Developing A Formal Hypothesis

In the planning stage of research, the researcher should generate a formal hypothesis or set of hypotheses based on previous research and/or theories that have yet to be formally tested. The hypothesis is usually a statement or prediction that the researcher seeks to evaluate with a study. For example, suppose a researcher wants to test the hypothesis that the average lifespan of mouse line A is longer than the average lifespan of mouse line B. Implicit in this hypothesis are two distinct possibilities represented individually by the null hypothesis, denoted H0, and the alternative hypothesis, denoted Ha. The null and alternative hypotheses can be expressed as follows:

H0: there is no difference in average lifespan between mouse line A and mouse line B (^a = MB); Ha: the average lifespan of mouse line A is longer than mouse line B (^A > MB)-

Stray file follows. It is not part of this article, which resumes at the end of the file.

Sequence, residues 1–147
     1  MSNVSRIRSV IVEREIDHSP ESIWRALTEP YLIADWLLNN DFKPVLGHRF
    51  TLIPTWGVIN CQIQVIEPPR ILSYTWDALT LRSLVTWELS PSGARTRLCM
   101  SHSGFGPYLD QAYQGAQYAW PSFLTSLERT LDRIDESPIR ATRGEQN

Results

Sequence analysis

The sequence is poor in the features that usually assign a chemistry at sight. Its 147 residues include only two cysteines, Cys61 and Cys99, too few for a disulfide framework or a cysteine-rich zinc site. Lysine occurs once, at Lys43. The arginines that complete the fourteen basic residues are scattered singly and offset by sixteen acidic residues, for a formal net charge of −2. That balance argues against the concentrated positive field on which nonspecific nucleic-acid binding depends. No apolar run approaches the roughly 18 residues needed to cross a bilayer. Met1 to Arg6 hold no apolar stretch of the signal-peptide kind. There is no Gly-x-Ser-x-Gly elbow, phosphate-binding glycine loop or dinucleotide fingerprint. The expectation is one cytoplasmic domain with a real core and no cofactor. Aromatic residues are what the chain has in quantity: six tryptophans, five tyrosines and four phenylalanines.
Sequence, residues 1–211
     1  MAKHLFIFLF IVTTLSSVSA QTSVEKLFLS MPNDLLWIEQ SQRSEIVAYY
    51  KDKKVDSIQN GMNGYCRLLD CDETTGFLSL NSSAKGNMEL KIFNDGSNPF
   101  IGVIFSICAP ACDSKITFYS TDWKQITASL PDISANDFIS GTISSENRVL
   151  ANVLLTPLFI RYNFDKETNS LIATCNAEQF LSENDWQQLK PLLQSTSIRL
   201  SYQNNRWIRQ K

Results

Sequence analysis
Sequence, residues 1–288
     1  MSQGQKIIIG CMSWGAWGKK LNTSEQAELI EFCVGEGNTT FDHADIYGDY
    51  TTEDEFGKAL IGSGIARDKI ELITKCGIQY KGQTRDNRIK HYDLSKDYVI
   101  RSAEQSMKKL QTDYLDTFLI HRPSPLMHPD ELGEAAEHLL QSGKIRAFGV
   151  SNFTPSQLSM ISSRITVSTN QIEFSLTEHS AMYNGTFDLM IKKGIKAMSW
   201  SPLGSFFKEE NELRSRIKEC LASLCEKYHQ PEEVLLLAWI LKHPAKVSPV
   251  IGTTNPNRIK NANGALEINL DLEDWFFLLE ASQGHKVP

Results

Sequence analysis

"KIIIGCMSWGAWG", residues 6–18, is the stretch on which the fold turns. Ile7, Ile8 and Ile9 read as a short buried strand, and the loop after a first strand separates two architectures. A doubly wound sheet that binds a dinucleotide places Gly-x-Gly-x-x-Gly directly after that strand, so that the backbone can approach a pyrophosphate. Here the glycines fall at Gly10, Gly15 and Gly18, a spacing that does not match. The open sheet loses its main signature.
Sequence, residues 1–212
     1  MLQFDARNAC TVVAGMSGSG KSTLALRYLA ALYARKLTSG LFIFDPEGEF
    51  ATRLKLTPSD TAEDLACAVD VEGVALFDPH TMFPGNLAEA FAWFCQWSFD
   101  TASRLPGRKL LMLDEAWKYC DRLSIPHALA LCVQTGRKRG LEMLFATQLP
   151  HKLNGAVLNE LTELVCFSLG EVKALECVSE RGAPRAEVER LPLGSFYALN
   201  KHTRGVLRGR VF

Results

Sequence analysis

This is an example of a one-sided hypothesis (i.e., the researcher expects mouse line B to live longer, on average.)

If the researcher has no particular reason to believe that the average lifespan of mouse line A will be longer than the average lifespan of mouse line B, or vice versa, he or she will need to test a two-sided hypothesis. The null and alternative hypotheses would then be as follows:

H0: there is no difference in average lifespan between line A and line B (^A = MB); Ha: there is a difference in average lifespan between line A and line B (^A = MB)-

Depending on the form of the hypotheses, the researcher uses either a two-sided or one-sided statistical test to determine the statistical significance of any observed difference in average lifespan before either accepting H0 or rejecting H0 in favor of Ha. Most statistical analysis software will calculate both one-sided and two-sided tests at the same time, and the researcher simply needs to pick the proper one based on the nature of their hypothesis.